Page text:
After GM passed on the Astro II, Zora Arkus-Duntov quickly turned to what would be the genesis of the Aerovette -- the Chevrolet project XP-882 concept car. It definitely looked like a Corvette, with overtones of the 1968-vintage "Shark" model in its low vee'd nose and four-lamp tail treatment.
Because Duntov's previous mid-engine proposals carried Chevy V-8s in longitudinal fashion, they required a costly, purpose-designed transaxle that not even vast Chevrolet could justify for a low-volume sports car. Here, Duntov tackled the problem by turning the engine 90 degrees and putting a stock GM Turbo Hydra-matic "end on" to it.
The transmission for this concept car was driven by chain from the crankshaft and connected to a stock Corvette differential via a short driveshaft turning a right-angle at the front. Because the driveshaft had to pass through the sump, it was encased in a tube. If not an elegant solution, it was at least affordable.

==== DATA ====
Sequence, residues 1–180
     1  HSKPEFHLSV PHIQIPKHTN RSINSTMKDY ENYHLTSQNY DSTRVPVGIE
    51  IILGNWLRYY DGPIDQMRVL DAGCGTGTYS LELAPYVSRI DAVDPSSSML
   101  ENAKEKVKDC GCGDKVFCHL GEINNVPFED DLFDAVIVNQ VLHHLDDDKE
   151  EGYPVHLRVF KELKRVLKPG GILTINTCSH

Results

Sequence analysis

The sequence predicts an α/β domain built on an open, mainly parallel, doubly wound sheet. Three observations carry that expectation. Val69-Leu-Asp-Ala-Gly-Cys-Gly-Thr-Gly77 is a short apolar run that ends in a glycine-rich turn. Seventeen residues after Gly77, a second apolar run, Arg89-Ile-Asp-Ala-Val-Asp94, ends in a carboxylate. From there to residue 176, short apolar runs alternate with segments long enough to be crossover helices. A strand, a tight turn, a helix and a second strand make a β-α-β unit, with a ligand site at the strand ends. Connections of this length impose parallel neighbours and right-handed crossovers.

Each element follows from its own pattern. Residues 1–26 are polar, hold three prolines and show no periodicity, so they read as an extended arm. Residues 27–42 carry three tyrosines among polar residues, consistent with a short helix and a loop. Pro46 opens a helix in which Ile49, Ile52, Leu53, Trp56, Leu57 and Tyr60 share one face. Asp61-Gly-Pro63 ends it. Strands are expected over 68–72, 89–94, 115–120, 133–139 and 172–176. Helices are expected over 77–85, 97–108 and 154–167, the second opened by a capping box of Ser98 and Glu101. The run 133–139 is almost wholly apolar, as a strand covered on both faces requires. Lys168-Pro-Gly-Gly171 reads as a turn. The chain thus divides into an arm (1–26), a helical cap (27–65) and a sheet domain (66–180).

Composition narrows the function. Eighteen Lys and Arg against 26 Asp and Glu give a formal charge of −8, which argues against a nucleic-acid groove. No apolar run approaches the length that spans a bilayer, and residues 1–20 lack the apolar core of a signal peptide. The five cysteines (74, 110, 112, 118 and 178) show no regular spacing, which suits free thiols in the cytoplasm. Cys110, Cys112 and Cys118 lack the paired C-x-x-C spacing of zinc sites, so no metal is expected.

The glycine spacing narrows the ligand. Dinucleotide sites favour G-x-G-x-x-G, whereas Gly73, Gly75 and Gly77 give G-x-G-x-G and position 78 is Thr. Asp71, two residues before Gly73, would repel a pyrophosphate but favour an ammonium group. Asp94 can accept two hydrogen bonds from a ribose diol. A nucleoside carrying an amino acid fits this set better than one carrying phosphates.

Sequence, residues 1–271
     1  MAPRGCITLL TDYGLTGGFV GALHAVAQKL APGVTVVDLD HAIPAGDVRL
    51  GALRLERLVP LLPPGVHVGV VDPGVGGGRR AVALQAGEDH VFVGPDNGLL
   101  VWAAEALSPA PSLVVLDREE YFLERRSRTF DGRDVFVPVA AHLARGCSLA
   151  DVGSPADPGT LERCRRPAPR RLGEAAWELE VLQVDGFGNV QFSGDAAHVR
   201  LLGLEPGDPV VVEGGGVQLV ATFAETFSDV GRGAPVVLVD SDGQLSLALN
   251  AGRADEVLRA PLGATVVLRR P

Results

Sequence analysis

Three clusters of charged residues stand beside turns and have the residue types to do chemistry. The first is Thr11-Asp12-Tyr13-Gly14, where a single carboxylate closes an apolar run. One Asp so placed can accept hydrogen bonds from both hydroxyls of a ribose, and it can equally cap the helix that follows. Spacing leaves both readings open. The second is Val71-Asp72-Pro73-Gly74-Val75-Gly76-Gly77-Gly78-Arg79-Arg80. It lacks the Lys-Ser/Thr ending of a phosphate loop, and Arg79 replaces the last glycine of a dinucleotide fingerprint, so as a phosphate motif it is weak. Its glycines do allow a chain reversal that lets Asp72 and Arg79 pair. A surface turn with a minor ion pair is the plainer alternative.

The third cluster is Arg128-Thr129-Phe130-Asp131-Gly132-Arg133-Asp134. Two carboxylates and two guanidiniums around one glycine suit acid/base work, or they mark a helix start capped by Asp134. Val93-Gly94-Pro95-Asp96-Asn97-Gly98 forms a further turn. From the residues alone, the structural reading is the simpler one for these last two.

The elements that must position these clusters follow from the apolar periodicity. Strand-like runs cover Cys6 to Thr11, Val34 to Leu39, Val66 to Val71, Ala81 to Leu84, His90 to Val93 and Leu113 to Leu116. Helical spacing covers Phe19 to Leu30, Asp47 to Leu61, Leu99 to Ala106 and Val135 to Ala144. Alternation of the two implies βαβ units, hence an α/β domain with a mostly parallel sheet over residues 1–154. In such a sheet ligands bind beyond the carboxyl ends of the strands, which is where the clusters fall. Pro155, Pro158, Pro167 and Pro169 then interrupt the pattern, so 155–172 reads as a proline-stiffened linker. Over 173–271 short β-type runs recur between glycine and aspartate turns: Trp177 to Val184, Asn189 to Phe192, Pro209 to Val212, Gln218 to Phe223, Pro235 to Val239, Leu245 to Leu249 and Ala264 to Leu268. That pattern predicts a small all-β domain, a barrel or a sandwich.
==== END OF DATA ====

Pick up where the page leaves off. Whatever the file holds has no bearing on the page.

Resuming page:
Duntov's engineers built two XP-882s during 1969, an identical pair of swoopy fastbacks with an unfortunately blunt front but a dramatic louvered boattail, as on the experimental Mako Shark II of four years before.
Yet almost on the day they were finished, John Z. DeLorean became Chevy general manager and canceled the program as impractical and costly. His decision stood only a year.
When Ford announced plans to sell the Italian-built mid-engine DeTomaso Pantera through Lincoln-Mercury dealers, DeLorean ordered one XP-882 cleaned up for display at the 1970 New York Auto Show. But though car magazines were quick to proclaim that the mid-engine Corvette had finally arrived, GM never said anything about production.
See how the story of 1970s Corvette concept cars continues in the next section.